Following the fraud of around Rs 4,000 crore - Harshad Mehta scam or Securities Scam, the rules of the game on Dalal Street changed forever. Here's are the changes
Harshad Mehta, once called the Amitabh Bachchan of Dalal Street, changed the way one looks at the stock market and how brokers trade. India experienced ingenious machination of its stock market for the first time in 1992, all thanks to systematic fraud that involved bank receipts and stamp papers leading the stock market to crash.
Following the fraud of around Rs 4,000 crore - ‘Securities Scam’, the rules of the game on Dalal Street changed forever. The Securities Laws (Amendments) Act was passed in 1995, which widened the jurisdiction of the Securities and Exhchange Board of India (SEBI), and allowed it to regulate depositories, FIIs, venture capital funds, and credit rating agencies.Scam 1992 The Harshad Mehta Story review | Sony Liv web series captures the years that reshaped Dalal Street
Back then, many dealers used to earn ગાળિયો. Giju word used for difference between price told to customer and actual trade price. Now its 100% transparent. https://t.co/4BL7cUq6xJ
— Nithin Kamath (@Nithin0dha) October 18, 2020
After 28 years since the scam, Nithin Kamath, founder of brokerage firm Zerodha Online, lists eight things that are done differently in the Indian stock markets these days.
1) Settlement cycle: Back in 1992, the settlement cycle - the time within which brokers have to pay full money and take delivery of stocks or deliver stocks if sold - was 14 days. Now, it is two days, and SEBI is also hinting at a 1-day cycle soon.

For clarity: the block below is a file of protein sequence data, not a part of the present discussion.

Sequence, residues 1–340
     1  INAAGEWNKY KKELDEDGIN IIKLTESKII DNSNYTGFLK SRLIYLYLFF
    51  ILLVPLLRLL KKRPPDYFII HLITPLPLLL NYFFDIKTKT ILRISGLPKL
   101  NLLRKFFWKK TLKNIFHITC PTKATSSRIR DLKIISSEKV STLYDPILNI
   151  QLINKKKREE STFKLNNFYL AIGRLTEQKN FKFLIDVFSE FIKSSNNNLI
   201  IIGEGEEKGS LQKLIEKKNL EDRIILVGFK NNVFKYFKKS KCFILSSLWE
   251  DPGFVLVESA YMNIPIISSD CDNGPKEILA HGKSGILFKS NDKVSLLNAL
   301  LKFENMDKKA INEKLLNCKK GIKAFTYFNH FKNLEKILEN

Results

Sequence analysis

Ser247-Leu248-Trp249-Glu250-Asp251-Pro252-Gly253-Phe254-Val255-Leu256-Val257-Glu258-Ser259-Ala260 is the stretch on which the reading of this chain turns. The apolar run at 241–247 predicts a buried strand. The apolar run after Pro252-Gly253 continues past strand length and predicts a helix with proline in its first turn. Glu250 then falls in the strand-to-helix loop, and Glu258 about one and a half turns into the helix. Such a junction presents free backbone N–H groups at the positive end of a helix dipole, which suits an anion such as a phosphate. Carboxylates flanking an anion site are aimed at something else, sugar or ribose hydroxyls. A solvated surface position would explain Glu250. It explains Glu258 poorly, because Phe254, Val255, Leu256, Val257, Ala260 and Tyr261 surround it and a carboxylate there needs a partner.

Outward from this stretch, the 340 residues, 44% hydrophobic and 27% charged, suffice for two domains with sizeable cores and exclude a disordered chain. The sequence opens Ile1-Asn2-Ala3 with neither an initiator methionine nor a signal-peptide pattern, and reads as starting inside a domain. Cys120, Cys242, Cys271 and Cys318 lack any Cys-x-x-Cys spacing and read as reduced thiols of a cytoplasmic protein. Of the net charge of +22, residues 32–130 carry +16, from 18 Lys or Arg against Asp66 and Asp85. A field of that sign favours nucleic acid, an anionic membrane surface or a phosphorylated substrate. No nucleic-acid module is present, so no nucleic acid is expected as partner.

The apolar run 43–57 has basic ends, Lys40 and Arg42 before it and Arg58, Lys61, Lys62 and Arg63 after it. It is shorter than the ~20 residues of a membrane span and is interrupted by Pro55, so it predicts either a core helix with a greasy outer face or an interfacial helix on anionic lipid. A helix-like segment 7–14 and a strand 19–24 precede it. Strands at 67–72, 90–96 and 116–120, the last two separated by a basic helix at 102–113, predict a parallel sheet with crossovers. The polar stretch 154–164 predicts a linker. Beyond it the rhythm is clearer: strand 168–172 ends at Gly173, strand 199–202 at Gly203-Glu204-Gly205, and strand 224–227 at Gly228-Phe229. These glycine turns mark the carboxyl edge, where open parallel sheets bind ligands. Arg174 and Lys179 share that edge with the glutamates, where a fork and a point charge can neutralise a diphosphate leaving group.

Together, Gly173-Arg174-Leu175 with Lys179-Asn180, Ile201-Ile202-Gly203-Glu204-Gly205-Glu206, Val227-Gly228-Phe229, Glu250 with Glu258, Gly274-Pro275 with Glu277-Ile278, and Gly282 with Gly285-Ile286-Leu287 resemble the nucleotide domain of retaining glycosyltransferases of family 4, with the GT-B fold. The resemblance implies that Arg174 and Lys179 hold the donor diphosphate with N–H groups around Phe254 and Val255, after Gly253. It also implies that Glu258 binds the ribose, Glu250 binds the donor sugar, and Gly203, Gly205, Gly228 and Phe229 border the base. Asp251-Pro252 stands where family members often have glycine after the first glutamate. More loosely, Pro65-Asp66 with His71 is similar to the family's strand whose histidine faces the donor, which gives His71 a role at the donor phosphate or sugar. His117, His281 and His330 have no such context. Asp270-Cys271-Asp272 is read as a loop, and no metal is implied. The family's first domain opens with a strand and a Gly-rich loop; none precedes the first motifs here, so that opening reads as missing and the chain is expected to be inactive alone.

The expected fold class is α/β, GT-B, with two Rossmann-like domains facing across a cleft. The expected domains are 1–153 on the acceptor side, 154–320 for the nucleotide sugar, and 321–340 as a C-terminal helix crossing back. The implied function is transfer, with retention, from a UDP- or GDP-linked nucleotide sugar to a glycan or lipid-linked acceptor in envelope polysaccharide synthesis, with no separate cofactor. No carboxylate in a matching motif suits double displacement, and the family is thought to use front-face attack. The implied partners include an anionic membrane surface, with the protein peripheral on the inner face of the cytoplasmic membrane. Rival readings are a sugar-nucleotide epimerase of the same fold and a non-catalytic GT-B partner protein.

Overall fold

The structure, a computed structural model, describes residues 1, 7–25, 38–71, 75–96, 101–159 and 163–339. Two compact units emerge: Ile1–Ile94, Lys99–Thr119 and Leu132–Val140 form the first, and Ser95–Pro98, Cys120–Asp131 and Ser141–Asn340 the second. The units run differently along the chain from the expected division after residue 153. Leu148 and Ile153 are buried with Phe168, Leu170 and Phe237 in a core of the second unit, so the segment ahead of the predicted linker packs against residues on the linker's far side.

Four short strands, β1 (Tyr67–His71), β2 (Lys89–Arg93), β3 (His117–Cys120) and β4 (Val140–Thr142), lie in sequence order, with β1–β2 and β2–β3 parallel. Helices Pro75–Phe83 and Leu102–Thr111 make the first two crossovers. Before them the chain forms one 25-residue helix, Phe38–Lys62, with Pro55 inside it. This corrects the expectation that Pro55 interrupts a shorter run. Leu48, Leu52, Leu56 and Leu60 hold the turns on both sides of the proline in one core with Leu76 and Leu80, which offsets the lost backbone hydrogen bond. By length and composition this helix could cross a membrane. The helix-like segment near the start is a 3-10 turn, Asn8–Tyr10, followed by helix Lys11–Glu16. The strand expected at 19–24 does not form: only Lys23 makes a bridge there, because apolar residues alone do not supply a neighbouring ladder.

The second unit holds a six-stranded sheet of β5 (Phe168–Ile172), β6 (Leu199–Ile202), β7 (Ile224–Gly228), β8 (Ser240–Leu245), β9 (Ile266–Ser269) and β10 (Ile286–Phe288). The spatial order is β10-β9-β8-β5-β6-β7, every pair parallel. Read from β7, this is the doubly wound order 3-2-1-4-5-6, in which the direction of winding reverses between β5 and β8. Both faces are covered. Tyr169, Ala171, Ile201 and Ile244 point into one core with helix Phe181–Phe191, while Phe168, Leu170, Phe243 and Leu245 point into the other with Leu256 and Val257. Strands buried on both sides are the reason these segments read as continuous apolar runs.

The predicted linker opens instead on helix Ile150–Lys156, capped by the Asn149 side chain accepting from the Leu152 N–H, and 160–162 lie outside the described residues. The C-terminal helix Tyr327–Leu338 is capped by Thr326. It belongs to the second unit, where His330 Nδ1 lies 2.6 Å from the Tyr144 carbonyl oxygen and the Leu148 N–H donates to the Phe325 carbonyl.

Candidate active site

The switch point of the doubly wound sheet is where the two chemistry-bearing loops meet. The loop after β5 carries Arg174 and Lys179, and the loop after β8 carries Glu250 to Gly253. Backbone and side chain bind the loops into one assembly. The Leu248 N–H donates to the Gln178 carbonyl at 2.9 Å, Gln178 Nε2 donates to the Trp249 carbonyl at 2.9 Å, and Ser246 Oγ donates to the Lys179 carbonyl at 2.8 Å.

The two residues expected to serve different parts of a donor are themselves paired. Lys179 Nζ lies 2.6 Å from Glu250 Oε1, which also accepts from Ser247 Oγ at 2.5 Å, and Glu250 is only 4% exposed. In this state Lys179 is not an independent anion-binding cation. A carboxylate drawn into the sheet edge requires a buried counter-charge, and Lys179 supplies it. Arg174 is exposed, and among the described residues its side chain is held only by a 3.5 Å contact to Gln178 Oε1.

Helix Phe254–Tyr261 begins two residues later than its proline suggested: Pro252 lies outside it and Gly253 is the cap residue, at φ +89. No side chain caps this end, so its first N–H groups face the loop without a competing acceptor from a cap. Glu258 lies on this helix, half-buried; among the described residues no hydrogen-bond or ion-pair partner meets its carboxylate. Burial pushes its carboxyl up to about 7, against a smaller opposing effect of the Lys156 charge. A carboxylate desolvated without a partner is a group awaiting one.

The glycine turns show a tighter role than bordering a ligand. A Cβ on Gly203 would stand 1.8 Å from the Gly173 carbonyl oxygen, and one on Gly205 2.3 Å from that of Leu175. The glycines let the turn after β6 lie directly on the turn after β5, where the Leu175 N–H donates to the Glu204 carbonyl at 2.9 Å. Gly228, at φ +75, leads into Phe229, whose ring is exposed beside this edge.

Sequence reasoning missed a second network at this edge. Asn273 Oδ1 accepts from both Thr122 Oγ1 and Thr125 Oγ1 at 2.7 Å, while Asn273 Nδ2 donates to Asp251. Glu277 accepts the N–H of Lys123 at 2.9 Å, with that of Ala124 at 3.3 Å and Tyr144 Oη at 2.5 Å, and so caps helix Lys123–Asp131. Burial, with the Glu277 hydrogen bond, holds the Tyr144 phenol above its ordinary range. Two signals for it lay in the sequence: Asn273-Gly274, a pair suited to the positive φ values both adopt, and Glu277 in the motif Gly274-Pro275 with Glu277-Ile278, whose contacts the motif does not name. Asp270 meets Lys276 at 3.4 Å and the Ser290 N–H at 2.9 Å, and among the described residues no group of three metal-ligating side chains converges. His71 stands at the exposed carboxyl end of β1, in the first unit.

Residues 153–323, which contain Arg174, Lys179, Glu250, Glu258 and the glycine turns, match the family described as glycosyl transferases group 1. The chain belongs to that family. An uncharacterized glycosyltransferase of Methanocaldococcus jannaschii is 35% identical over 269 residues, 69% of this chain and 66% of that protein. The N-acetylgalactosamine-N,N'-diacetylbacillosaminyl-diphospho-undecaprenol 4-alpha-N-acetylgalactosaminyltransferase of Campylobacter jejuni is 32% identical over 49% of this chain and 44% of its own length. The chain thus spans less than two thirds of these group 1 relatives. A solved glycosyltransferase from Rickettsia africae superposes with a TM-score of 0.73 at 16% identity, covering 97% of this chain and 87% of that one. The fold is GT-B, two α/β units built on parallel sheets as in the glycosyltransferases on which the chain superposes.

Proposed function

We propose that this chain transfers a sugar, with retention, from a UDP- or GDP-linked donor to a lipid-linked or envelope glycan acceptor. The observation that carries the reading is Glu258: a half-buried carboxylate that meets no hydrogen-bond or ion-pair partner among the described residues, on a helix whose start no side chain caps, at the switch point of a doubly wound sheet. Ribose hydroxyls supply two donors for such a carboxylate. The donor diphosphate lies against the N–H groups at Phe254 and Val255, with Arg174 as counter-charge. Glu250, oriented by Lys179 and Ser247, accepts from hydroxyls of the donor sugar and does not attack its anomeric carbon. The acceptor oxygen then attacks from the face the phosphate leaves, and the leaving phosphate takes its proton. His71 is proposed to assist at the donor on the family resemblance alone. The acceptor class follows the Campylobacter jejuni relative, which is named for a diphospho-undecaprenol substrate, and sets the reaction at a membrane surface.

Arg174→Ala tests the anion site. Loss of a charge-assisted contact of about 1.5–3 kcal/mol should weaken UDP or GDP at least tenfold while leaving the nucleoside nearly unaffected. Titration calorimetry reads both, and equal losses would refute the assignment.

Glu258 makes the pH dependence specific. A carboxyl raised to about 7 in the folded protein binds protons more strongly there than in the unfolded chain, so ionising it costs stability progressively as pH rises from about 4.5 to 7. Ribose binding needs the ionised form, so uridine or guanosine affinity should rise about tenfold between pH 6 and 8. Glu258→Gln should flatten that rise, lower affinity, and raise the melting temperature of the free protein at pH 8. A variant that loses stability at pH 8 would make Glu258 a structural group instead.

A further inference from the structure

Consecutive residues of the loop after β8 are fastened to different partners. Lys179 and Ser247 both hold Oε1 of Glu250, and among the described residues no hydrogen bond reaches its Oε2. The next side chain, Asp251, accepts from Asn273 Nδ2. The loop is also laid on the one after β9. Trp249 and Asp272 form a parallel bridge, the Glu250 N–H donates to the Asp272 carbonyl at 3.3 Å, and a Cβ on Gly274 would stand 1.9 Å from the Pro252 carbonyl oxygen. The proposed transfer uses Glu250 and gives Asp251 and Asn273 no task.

2) Minimum balance: In 1992, there was no rule over maintenance of minimum balance that a customer needs to ensure to buy stocks. But now, a customer can’t buy stocks without the minimum money in the account or sell without stocks in Demat account.
The new rule helps reduce the systemic risk from aggressive brokers who were previously compromising risk for the business.
3) Electronic transactions: Back in 1992, the settlement of trades was done through paper and counter-party risk was evident. Now, all the settlement of trades happens through clearing corporations (CC), and all transactions are electronic.
4) Broker's approval: Today since the risk from the customer is way lesser due to margin requirements & CC, you don’t need approval from a broker to open an account like in 1992. You can open a trading account online in under 15 minutes with any broker now.
5) Brokerage firms' role: In 1992, brokerage firms dealt as advisory, but now they focus on execution and not advisory.
6) Trading process: Back in 1992, all the trades were placed through dealers and hence they carried a huge execution risk. These days, most of the trades are executed by customers on their own.
7) Brokerage fee: In 1992, customers were mostly unaware and paid at least 1 percent as brokerage for equity delivery trades, while no charges have to be paid now.8) Price difference: Lastly, in 1992, dealers used pocket a cut by telling different price to customer than actual trade price. However, these days the process is 100 percent transparent.